- Packet loss (IPLR): Measures the ratio of lost packets to received packets over a given period of time. The VSF recommends a maximum of 1 × 10-3 per ITU-T Y.1541 Class 0.
- Spurious packet (SIPR): Measures packets received for which a corresponding transmitting packet was not created. The VSF recommends a maximum of 1 × 10-3 spurious packets per second.
- Availability: Measures uptime, expressed as network events per hour. There has been a lot of discussion regarding this parameter. Ultimately, availability translates into service-level agreements (contracts) between WAN service providers and their customers. The VSF has said that useful service quality categories for professional video with delivered bit rates from 1- to 400Mb/s would be: <.003 network event per hour and hour.>
Figure 2. Concepts such as IP loss ratio, spurious packets and availability are also useful in determining the quality of service a network provides. Click here to see an enlarged diagram.
A network event is defined as a single occurrence of packet(s) loss in the network.
While work is ongoing, it is encouraging that the industry is reaching a consensus regarding the parameters and measurements that should be used to establish QoS for delivery of video over WANs.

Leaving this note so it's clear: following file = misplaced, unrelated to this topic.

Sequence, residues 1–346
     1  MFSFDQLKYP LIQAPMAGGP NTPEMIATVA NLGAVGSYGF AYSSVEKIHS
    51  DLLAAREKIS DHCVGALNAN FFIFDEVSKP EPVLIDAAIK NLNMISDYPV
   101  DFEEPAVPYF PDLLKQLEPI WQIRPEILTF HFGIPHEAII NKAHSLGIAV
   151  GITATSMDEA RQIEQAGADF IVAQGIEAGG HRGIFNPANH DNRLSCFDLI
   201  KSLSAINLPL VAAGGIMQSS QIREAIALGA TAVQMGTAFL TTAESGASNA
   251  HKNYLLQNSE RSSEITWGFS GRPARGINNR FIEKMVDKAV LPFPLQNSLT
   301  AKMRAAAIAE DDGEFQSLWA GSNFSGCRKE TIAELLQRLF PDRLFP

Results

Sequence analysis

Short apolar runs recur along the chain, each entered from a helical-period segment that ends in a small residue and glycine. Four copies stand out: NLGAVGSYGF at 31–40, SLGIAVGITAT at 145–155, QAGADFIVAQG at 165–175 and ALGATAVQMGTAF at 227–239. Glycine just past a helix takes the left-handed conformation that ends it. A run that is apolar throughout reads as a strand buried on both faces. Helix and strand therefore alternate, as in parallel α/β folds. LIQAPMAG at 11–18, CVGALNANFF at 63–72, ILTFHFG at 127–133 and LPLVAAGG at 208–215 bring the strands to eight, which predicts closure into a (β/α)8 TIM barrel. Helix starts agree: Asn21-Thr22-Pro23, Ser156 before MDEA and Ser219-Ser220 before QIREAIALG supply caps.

Given a set of parameters, network engineers need a technical framework within which they can implement a given QoS. While exact details of QoS frameworks vary, these frameworks share some common elements:
- Signaling and admission control: Controls the amount of traffic that is allowed to enter the network.
- Shaping: Provides a way to smooth out the bursty nature of traffic.
- Policing: Involves enforcing policies and dropping traffic from the network if it does not conform to rules established to guarantee the QoS on the network.
- Routing: Allows the network designer to establish routes that will guarantee a particular level of QoS and then mark packets so that they are sent across those routes.
- Scheduling: Used to ensure that high-priority traffic is passed through the network correctly while still allowing “mouse traffic” such as e-mail to get through.
- Buffer management: Provides techniques for metering traffic as it passes through routers on the Internet, keeping routes uncongested, and provides techniques for dropping low-priority traffic when buffers are in danger of being overloaded.
- Traffic monitoring and feedback: Provides network engineers with a way to monitor network activity.
While it is true that the core Internet may be unreliable, it's evident that several groups have done significant work to establish techniques, measurements and frameworks to establish the quality of service necessary to deliver real-time video over IP.
Brad Gilmer is the executive director of the Video Services Forum, executive director of the AAF Association, and president of Gilmer & Associates.